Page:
Though Pass Marianne did not mention DCM in this cross-claim, it did reference an aspect of the project that was DCM's operational responsibility.
Besides sending the complaint with its letter demanding that DCM's insurer, Acceptance, and other insurers provide a defense, Woodward also sent a report prepared by Rimkus Consulting Group, which was employed by Pass Marianne in the arbitration and litigation. Generally, an insurance company's duty to defend arises only if a complaint has been filed that contains allegations of conduct covered by the policy. Lipscomb, 75 So.3d at 559. Nonetheless, if an insurer's independent investigation establishes facts that would present a claim “which potentially would be covered under the policy, the insurer must provide a defense until it appears that the facts upon which liability is predicated fall outside the policy's coverage.” Id.
For our analysis, we assume without deciding that Lipscomb would make the Rimkus Report relevant for purposes of determining whether Acceptance had a duty to defend Woodward. The Rimkus Report was lengthy. Its conclusions about concrete subcontractor DCM were that it did not comply with the Design/Build Agreement or industry standards because the atrium floor was not properly sloped, which prevented water from entering the drains properly. The Rimkus Report claimed that DCM failed to comply with the construction drawings and industry standards by not installing a step in the slab at the balcony exterior walls and doors. This problem allegedly caused damage to the exterior walls of the condominium units. The Rimkus Report also concluded that the balcony floors were not properly sloped to allow proper drainage and described problems with the finish of the concrete in the parking garage and unsightly trenches that were cut into the concrete to assist with drainage.
In summary, Pass Marianne's cross-claim that DCM's work did not conform to specifications was supported by the Rimkus Report. The cross-claim also alleged that the reasons for non-conformance were the intentional and willful acts of the contractor Woodward and a subcontractor. The question for Acceptance, and now for us, is whether those claims created a duty to defend under this particular policy.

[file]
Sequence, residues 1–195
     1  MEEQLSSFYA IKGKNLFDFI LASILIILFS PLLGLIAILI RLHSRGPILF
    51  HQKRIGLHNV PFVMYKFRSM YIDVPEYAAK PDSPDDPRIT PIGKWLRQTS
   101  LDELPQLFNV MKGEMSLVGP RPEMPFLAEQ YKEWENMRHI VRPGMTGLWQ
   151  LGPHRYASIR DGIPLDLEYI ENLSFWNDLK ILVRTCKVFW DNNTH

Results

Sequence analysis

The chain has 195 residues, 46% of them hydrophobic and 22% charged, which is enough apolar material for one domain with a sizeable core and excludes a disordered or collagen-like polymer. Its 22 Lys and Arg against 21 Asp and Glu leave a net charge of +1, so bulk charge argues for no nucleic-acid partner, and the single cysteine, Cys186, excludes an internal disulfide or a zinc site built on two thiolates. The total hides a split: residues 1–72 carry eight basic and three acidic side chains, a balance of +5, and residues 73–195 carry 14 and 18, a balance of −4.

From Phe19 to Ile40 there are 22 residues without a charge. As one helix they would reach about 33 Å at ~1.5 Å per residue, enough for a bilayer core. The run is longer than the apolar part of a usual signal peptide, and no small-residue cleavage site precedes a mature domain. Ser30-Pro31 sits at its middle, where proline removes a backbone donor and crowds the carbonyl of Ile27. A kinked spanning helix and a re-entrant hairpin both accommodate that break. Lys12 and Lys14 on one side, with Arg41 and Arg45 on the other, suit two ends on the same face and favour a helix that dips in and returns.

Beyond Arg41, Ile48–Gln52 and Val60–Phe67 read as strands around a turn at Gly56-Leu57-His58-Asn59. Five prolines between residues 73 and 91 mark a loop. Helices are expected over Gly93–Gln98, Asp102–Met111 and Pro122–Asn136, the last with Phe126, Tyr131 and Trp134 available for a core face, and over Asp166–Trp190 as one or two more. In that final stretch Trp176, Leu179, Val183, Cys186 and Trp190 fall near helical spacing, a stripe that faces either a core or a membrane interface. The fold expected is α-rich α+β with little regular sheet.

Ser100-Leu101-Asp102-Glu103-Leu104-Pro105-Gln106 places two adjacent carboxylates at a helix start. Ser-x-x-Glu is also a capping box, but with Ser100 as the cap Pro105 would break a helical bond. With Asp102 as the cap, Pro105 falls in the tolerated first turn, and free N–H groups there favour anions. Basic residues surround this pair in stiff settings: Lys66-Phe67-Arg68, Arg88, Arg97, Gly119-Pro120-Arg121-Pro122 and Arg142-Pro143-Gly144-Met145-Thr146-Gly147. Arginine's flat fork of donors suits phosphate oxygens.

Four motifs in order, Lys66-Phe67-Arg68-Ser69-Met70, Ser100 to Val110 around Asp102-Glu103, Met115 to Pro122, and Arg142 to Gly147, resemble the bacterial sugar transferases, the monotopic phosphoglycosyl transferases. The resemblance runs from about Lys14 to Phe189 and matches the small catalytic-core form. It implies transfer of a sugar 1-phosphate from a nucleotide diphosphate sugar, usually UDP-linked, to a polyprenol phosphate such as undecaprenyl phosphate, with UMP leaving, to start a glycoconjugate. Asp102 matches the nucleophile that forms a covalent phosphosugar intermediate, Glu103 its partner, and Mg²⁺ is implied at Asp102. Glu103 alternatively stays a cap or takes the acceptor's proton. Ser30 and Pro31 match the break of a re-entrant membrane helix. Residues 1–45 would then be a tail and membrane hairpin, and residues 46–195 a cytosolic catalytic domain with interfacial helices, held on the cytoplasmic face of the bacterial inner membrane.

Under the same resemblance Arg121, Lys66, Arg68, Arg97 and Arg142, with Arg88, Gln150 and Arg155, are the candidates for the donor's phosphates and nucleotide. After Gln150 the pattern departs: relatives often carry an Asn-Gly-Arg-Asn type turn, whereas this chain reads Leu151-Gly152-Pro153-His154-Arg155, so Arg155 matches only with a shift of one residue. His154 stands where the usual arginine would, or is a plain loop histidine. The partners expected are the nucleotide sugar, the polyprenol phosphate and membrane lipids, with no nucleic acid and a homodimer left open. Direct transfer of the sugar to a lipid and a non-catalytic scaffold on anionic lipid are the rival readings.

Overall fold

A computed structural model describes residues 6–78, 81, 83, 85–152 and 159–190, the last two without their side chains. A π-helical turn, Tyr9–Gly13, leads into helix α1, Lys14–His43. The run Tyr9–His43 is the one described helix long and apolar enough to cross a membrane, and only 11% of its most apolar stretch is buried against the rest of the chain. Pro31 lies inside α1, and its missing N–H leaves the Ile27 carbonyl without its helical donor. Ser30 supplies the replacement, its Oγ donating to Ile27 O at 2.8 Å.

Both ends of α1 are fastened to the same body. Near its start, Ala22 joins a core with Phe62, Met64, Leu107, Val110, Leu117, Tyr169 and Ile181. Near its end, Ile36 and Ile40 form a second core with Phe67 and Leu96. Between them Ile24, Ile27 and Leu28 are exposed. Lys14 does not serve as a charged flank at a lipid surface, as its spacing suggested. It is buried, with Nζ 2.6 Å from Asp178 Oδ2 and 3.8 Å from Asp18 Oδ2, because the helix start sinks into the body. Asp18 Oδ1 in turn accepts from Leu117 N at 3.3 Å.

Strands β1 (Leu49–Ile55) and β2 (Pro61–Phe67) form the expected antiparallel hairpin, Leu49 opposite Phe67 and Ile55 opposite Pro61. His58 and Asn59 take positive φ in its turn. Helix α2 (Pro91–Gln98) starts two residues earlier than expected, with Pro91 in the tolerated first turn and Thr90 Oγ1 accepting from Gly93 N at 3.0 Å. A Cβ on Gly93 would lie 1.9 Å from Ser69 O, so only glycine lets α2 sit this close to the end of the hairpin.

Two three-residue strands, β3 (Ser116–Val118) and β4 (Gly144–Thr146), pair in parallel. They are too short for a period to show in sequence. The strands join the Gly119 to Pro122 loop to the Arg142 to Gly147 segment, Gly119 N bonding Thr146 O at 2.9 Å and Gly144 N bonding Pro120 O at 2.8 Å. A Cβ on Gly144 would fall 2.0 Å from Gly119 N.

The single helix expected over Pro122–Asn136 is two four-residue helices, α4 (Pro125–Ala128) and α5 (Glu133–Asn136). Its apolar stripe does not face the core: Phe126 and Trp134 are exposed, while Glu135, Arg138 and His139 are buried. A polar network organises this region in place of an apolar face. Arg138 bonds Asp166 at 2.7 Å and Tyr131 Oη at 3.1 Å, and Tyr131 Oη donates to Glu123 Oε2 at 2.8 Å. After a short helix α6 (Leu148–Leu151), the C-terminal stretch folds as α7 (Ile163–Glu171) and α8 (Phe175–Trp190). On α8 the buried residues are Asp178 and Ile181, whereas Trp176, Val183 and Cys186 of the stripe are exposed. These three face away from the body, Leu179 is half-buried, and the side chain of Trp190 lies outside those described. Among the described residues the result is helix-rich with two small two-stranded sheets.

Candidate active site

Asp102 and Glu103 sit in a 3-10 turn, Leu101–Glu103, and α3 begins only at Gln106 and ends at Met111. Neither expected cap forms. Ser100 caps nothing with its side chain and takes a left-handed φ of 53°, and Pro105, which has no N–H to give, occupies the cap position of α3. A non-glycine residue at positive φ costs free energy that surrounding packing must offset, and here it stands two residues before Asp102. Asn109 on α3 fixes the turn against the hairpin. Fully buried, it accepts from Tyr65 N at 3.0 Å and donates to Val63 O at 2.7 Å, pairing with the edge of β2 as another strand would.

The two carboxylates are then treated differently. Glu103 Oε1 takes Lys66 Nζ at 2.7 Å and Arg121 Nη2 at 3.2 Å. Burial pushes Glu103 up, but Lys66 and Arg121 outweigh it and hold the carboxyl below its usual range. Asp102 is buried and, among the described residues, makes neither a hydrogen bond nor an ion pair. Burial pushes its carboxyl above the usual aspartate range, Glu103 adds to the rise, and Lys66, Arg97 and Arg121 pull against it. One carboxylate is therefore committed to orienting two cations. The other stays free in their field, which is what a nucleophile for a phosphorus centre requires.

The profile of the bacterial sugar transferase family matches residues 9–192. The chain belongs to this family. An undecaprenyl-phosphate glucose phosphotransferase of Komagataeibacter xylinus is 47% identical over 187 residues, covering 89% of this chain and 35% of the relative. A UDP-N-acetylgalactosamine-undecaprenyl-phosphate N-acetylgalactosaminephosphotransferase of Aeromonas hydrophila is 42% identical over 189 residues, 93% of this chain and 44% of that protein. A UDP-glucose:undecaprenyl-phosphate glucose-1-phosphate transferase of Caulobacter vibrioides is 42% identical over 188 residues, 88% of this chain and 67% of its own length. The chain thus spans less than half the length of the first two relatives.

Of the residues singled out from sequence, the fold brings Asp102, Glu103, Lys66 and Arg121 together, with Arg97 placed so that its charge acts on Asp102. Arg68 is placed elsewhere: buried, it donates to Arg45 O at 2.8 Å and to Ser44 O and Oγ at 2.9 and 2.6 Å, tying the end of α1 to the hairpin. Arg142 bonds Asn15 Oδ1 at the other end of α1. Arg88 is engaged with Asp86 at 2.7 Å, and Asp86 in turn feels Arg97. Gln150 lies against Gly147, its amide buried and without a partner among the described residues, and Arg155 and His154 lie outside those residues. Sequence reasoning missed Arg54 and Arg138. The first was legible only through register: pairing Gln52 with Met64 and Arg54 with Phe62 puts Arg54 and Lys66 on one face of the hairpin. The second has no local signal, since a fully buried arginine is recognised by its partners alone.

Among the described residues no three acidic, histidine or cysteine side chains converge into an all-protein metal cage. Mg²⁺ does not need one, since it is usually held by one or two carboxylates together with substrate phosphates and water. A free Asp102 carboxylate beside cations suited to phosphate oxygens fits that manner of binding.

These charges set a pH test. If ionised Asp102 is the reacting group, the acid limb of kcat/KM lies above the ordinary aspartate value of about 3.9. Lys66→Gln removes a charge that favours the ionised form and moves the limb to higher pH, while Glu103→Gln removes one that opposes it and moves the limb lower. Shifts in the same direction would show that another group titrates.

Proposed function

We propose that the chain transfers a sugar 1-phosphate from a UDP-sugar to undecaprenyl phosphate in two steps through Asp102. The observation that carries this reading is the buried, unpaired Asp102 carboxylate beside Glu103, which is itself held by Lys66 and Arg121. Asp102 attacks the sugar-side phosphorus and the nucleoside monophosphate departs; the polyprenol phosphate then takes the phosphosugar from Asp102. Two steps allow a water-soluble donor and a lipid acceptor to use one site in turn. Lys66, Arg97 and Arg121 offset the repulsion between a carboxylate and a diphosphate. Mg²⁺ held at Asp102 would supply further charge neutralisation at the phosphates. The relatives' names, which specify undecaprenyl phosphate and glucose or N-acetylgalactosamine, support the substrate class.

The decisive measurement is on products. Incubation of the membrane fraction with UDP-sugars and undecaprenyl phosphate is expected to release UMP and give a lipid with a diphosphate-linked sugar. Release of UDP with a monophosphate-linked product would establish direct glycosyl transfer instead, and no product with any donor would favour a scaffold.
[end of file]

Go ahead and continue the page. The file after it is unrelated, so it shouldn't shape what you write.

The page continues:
We have previously quoted the policy language Woodward relied on in its demand letter, namely, the additional-insured endorsement. It contained two clauses that are relevant to this appeal. Section A provided that Woodward was an insured, “but only with respect to liability arising out of your [DCM's] ongoing operations performed for that insured,” Woodward. Second, Section B stated that the policy “does not apply to ‘bodily injury’ or ‘property damage’ occurring after [all work] to be performed by or on behalf of the additional insured(s) at the site of the covered operations has been completed.”
Both sections affect the scope of coverage offered by the additional-insured endorsement. The first section establishes the broad parameters of the coverage as matters “arising out of [DCM's] ongoing operations.” The second limits the scope of coverage, specifically excluding property damage that occurs after all the work at the site of the “covered operations have been completed.”
Acceptance does not dispute that the policy is an occurrence policy. An occurrence policy provides coverage “regardless of when the act complained of was discovered or notice provided to the insurer, as long as the act occurred during the policy period.” Titan Indem. Co. v. Williams, 743 So.2d 1020, 1024 (Miss.Ct.App.1999). While the plain language of the policy provides coverage only when damages occur during the policy period, there is no textual requirement that liability arise during ongoing operations, only that liability arise out of ongoing operations. We agree with a decision applying Mississippi law that policy language providing coverage for “liability arising out of your work,” requires only “a causal connection to ‘your work.’ “ Roy Anderson Corp. v. Transcon. Ins. Co., 358 F.Supp.2d 553, 562 (S.D.Miss.2005).
In sum, the claim for liability need not be alleged during ongoing operations. By that we mean that claims need not be asserted during the named insured's ongoing operations to fall within the scope of coverage, but the claims must be causally related to the ongoing operations. Royer Homes of Miss., Inc. v. Chandeleur Homes, Inc., 857 So.2d 748, 753 (Miss.2003). We cannot stop here, though. Besides giving the words their plain and ordinary meaning, our interpretation must give effect to each clause. Id. The additional-insured endorsement excludes property damage occurring after all work has been completed. This provision must be given equivalent weight when reading the contract as a whole.